Tracing Ideational Change and Continuity in Concepts and Labels of War and Warfare in the North-Atlantic Area Since the End of the Cold War

Lead Research Organisation: King's College London
Department Name: War Studies

Abstract

The end of the Cold War has precipitated a shift in the Anglo-American field of Strategic Studies: it lifted the field from the superpower competition, allowing it to (re)discover wars other than (nuclear) great power wars as an object of inquiry. This has changed the ways practitioners think about war and scholars conduct research on war, and triggered a debate on the changing character and nature of war, which continues until today. Many concepts that had guided the study of war and strategy during the Cold War seem to have become irrelevant, so new concepts had to be created to capture the character of post-Cold War armed conflicts. This has caused a true proliferation of concepts of war and strategy that led some commentators speak of a 'strategic concepts industry' and complain about buzzwords, fads and fashions in the field of Strategic Studies. Indeed, the field is characterised by waves of concepts that are intensively used for some time, and then get marginalised by another fashionable concept. 'Hybrid war' and 'cyber war' are the latest of these fashion; earlier examples include 'new wars', 'asymmetric war/fare' and 'counterinsurgency'.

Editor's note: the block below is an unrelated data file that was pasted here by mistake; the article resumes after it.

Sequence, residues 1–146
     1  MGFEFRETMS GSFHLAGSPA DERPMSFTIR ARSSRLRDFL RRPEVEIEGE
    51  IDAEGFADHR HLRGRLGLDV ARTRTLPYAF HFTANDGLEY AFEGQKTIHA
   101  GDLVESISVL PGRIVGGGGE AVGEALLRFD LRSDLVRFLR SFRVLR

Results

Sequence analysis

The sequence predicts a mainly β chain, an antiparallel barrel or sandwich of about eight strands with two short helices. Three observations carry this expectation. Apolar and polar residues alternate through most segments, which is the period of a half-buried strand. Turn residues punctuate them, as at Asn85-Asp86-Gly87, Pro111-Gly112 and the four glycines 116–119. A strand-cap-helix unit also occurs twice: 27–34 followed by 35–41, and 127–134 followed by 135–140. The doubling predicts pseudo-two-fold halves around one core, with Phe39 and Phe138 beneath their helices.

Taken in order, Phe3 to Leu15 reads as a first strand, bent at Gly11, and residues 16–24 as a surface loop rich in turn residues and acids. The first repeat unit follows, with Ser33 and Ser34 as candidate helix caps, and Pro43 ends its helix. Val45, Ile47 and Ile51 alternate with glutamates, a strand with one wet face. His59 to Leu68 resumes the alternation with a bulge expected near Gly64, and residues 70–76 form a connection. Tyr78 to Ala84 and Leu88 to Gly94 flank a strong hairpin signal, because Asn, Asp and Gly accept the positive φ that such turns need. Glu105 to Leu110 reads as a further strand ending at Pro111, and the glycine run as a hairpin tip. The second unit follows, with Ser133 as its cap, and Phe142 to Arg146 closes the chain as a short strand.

The aim of my research is to understand how post-Cold War concepts of war become fashionable and unfashionable. 'Fashionability', for me, is not only about the number of people who use it, but also about the process through which these concepts are applied to ever-more case studies and thereby stripped of their meaning. Through process tracing periods of rise to fashionability and decline or marginalization, I want to understand the causes and mechanisms underlying this phenomenon. By tracing the rise and fall of concepts, the degree of change and continuity between them, and the broader (often implicit) assumptions they are based upon, I also aim to identify broader paradigms and patterns within which the field of Strategic Studies generates understandings about war.

Publications

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Studentship Projects

Project Reference Relationship Related To Start End Student Name
ES/P000703/1 01/10/2017 30/09/2027
2104368 Studentship ES/P000703/1 01/10/2017 31/03/2021 Chiara Libiseller